Manchester Mayor Joyce Craig won a second term from Queen City voters Tuesday, beating challenger Victoria Sullivan, 57 percent to 43 percent.
The race between Craig, a Democrat, and Sullivan, a former Republican legislator, turned largely on questions of public safety and quality of life.
On the campaign trail, Craig said the city had made progress in addressing homelessness and drug use, particularly downtown, and pointed to new development as evidence that Manchester was on the upswing. Sullivan campaigned on a promise to reverse what she termed Craig's failure to act strongly on crime.
These issues were on voters' minds throughout the day. Jody Wilhelm said she liked Craig's devotion to improving the city's future.
"I just think that she's a good leader, and she knows what's going on and she has the best sense of what Manchester needs to start a new time in terms of development, rather than stagnation," she said.
Jason Rowe said the city needed a change in leadership to address what he described as the blight downtown.
"I really feel like Elm Street is kind of a mess," he said, "with the homeless and the drugs in the parks. There's a lot of good activity downtown, but I just hate what it looks like."
Craig was first elected mayor two years ago, defeating incumbent Republican Ted Gatsas to become Manchester's first female mayor. She had previously served on the city's Board of Aldermen. Craig has been mentioned as a possible candidate for governor in 2020, but she said last night that she would serve out her second term and had no plans to jump in the governor's race next year.
Speaking at her victory party Tuesday night, Craig said her re-election is a sign that voters think the city is headed in the right direction.
"The momentum that we've had over the past couple of years is really exciting, and it's felt by the community and they want to see that continue," she said.
Manchester was one of 11 New Hampshire cities where voters chose municipal and school leadership and decided other ballot issues, such as allowing sports betting. For many voters, the 2020 election was not far from the conversation.
Dover resident Paul Segit said he came to the polls mostly to check if he was properly registered to vote for February's presidential primary. He says he recently moved and wasn't sure.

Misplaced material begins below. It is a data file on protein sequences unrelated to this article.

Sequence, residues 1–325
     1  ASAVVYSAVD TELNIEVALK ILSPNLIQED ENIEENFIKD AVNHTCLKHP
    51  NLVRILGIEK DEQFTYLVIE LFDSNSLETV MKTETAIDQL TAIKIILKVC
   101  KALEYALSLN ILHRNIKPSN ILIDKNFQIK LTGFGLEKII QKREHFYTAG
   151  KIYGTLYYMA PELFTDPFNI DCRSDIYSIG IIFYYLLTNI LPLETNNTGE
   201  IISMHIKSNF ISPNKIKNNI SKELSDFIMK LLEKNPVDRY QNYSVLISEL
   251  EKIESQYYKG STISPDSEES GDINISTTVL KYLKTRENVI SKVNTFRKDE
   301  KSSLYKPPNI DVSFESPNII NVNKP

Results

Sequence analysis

"I was told I was, but I wasn't - and I didn't want to be in, like, the mob, maybe, that's going to be at the primary," Segit said.
Segit said he's now officially registered, and he got to vote in Dover's city elections today.
The electronic gambling game Keno was also on the ballot in five cities: Concord, Dover, Keene, Rochester, and Portsmouth. State lottery officials say revenue from sports betting and Keno gambling will bolster funding for public education. Annette Meyer, a former teacher who lives in Dover, said expanding gambling won't send enough money to New Hampshire schools. She voted against Keno and sports book betting, both of which weee on the ballot today in Dover.
"I don't want to see it when I go into a restaurant, and I don't think we need to have that for our restaurants to do good business," she said after voting.
Gov. Chris Sununu continues to rally support for sports book gambling locations, and Keno.
In Concord, incumbent Mayor Jim Bouley won his seventh term. He defeated Linda Rae Banfill by a wide margin, 3, 901 to 994. Concord electoin results.
Berlin Mayor Paul Grenier also won re-election. With 1,077 votes, he beat two challengers: Richard LaFlamme Jr. (542 votes), and J. Stewart Stevens (115 votes). Berlin voters also determined council school board, and election officials. The sports book retail locations question was approved 862 to 369.
Claremont Mayor Charlene Lovett is running unopposed for re-election.
In Dover's municipal election, incumbent Mayor Karen Weston was upset by Robert Carrier, who was serving as deputy mayor.
In Keene, George Hansel, a city councilor, won the mayoral race, defeating Mitch Greenwald in an open race.
Nashua Mayor James Donchess is running unopposed for a four-year term. Nashua voters will decide races for alderman, school board, fire commission, board of public works, of education, election officials, and a proposed charter amendment.
The city of Portsmouth will have a new mayor, Rick Becksted, who was the top vote-getter to succeed Mayor Jack Blalock, who did not run for re-election. Former councilor and state legislator Jim Splaine returns to the nine-member council as deputy mayor.
Rochester residents will vote for mayor, city council, school board, and police commission seats. Also on the ballot: whether to allow Keno and operation of "sports book retail locations." Mayor Caroline McCarley is running unopposed this year.
In Somersworth, Mayor Dana Hilliard is running opposed for a two-year term.
(This post was updated with additional results Tuesday night, and Wednesday morning.)